The internet’s biggest challenge is how to handle the hate
The whole point of villages is that they are nice. The word conjures up thatched cottages in picture-postcard English hamlets where everybody knows each other. The ‘global village’ – the shorthand used to advertise the internet when the web was in its formative years – was supposed to be a virtual manifestation of The Shire. It hasn’t quite turned out that way.
The internet’s biggest problem is hate. It’s everywhere. Google risks losing up to $750 million because of a boycott by advertisers, according to Nomura Research. Many of its clients are furious that their ads are popping up next to extremist and hateful content. Facebook has similar problems – it became the platform of choice for the ‘fake news’ that may have influenced the outcome of the US presidential election. Yet the internet giants worry that they are unable to control the way their technology is used. The global village looks more like a chaotic Mad Max dystopia with every passing day.
It was easier when newspapers (and their websites) were the chief source of news. Editors were held responsible for content. What is now pejoratively termed the ‘mainstream media’ made plenty of mistakes. But the buck stopped with someone. Nearly half of US adults now get their news from Facebook. There is not one editor, but millions.
To their credit, Facebook and Google have acknowledged that there is a problem. Their next challenge is one of time. In a recent blog, Facebook chief executive Mark Zuckerberg detailed plans to build a better informed, civically engaged and inclusive community that looks a lot more like the vision of social media when it came into the world just over a decade ago. But he warned that the sheer volume of content which the platform handles means regulation will take several years of R&D. We don’t have years – what’s left of the global village might have burned down by then.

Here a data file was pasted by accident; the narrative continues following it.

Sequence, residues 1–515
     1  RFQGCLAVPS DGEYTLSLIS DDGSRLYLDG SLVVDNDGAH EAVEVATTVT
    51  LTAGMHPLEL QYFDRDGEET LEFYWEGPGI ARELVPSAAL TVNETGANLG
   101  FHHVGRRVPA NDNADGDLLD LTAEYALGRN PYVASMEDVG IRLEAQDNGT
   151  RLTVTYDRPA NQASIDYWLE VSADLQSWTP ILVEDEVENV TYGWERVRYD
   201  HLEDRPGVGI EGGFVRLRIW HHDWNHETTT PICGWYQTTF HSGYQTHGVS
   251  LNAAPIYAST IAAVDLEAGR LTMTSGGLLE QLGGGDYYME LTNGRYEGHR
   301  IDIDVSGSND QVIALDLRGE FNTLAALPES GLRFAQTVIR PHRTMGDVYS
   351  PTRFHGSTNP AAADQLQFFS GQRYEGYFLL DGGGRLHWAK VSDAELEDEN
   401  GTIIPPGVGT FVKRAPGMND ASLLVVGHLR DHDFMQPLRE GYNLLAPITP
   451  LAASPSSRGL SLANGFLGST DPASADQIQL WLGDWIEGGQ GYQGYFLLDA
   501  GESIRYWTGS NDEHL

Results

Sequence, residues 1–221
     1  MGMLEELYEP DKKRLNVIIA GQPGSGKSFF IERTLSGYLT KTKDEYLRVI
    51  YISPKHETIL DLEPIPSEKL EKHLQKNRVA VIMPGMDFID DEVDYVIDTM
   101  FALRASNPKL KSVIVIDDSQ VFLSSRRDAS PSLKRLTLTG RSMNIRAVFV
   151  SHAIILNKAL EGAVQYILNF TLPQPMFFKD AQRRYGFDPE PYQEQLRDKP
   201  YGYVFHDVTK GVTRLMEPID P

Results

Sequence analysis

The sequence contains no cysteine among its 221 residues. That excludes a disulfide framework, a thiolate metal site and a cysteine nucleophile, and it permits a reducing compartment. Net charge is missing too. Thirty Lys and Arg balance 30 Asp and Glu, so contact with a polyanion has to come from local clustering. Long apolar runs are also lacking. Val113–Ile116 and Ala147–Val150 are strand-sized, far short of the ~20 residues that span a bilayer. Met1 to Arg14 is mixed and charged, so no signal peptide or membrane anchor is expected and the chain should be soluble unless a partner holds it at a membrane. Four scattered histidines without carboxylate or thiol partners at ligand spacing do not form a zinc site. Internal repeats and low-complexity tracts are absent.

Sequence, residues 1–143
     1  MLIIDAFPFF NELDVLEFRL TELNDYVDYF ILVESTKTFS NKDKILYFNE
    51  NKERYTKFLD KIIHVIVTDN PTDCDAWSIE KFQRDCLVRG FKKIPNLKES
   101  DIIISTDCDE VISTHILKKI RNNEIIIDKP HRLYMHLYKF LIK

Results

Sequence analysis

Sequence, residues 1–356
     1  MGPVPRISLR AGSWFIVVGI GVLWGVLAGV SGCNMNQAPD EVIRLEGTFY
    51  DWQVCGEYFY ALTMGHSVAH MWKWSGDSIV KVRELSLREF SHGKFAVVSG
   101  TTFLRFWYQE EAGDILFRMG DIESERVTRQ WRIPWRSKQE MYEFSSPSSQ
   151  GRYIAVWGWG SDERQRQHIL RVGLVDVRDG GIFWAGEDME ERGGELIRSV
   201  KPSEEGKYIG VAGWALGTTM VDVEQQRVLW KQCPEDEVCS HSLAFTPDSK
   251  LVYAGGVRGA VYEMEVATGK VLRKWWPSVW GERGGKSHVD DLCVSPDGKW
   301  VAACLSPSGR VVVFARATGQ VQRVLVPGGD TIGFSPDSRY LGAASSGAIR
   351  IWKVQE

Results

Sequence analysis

The simple truth is that it isn’t a lack of resources preventing Big Web from controlling, monitoring and regulating the misuse of its platforms – it is lack of will. When, a few years ago, spam threatened to destroy email, the tech giants invested in filters, blacklists and other defences, and virtually eliminated it. Once marketers learned how to game Google’s page-ranking system, the search giant turned the tables on them by changing its algorithms. None of these countermeasures took years to develop. When the tech giants put their mind to a job, they do it.
In his book Whose Global Village? Ramesh Srinivasan explains that the idea that digital technologies are neutral is wrong. Like newspapers, they are created by humans, who approach the creation process on the basis of a set of values and presumptions. Like newspapers, they are for-profit companies. So, like newspapers, they must be held accountable for the content they propagate.
Srinivasan suggests asking social-media companies to make transparent and comprehensible the filters and choices that go into the key algorithms; offering users the choice between different types of information; and developing interfaces that allow users to look across posts from multiple perspectives, places and cultures in relation to a given topic. All seem wise steps.
One possible good consequence of fake news is the slow recognition that it exists – to some degree its recognition has caused users to question more of what they read. Yet this questioning remains embryonic, and limited. The echo chambers of social media are designed-in. Without action from the platforms, hate and ignorance will only grow.
Let it, and the global villagers might soon turn on each other with pitchforks. In some places, they already have.